After last week’s article was published, a friend asked how to roll back the GIT version in idea?
In fact, brother song has written articles before, but it’s a long time ago, so today I’ll touch the topic again with my friends and talk about how to roll back the version of git in idea.
Undo operations in Git can be classified into four categories:
- The code in the workspace wants to be undone
- The code of add to the temporary storage area wants to be revoked
- The code submitted to the local warehouse wants to be revoked
- The code of the remote warehouse wants to be revoked
1. Command line based
Code to undo workspace 1.1
Maybe one day I’m writing code. After writing for a long time, I find that I made a mistake and want to restore to the original state. A stupid way is to delete the code just written line by line, but this way is too expensive. We can pass it
git checkout -- <file>Command to undo code changes in the workspace. As shown below:
First, we implemented
git statusCommand, find that the workspace is clean, and then execute the cat command. It is found that there are only two lines in the file. Then add a line to the file through the VI editor, save and exit. After exiting, execute it again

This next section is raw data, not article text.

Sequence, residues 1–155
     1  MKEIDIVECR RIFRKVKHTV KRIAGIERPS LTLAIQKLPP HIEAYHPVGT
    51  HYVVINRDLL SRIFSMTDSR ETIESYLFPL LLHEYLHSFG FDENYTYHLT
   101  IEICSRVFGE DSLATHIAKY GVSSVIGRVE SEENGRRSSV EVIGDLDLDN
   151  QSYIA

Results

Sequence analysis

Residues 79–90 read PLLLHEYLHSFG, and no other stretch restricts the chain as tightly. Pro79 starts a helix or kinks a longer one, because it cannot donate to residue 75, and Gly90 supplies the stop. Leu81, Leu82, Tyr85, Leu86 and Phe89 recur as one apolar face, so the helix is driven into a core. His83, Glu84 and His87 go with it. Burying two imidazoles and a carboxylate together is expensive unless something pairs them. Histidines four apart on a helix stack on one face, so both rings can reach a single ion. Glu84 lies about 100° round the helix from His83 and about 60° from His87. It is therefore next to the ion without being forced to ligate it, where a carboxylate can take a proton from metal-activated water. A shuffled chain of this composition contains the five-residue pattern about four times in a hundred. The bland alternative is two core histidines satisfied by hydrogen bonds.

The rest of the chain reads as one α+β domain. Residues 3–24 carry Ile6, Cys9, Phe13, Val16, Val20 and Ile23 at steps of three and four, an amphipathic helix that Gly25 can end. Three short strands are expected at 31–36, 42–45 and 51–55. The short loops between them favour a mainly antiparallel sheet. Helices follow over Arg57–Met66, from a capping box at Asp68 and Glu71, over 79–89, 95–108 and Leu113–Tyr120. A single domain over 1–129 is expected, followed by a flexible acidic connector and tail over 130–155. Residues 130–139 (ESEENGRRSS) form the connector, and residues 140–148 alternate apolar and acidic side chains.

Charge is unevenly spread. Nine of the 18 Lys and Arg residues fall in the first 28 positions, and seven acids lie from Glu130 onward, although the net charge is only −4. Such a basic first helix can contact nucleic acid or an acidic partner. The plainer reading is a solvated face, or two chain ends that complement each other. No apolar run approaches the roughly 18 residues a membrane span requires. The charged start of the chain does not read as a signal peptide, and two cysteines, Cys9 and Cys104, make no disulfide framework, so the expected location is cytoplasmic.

git statusCommand, the state of the workspace has changed, and then we execute it
git checkout -- git01.txtCommand, which means to undo the previous operation
git01.txtRestore to the previous state. After the command is executed successfully, we can execute it again
catThe command finds that the contents of the file have been recovered. Execute it again at this time
git status, the state is restored.
1.2 the code of adding to the temporary storage area wants to be revoked
If you want to undo, but the code has been submitted to the temporary storage area, don’t worry. You can undo it in two steps:
- Undo the code of the staging area to the workspace
- Undo the code in the work area (the specific operation is consistent with section 1.1)
Undo the code of the staging area, we can use
git reset HEADCommand. As shown below:
The code here is relatively simple, and the core process is to execute it first
git reset HEADThe command is revoked from the temporary storage area. Refer to section 1.1 for the remaining operations.
1.3 the code submitted to the local warehouse wants to be revoked
Similarly, the code submitted to the local warehouse can also be revoked, which we can use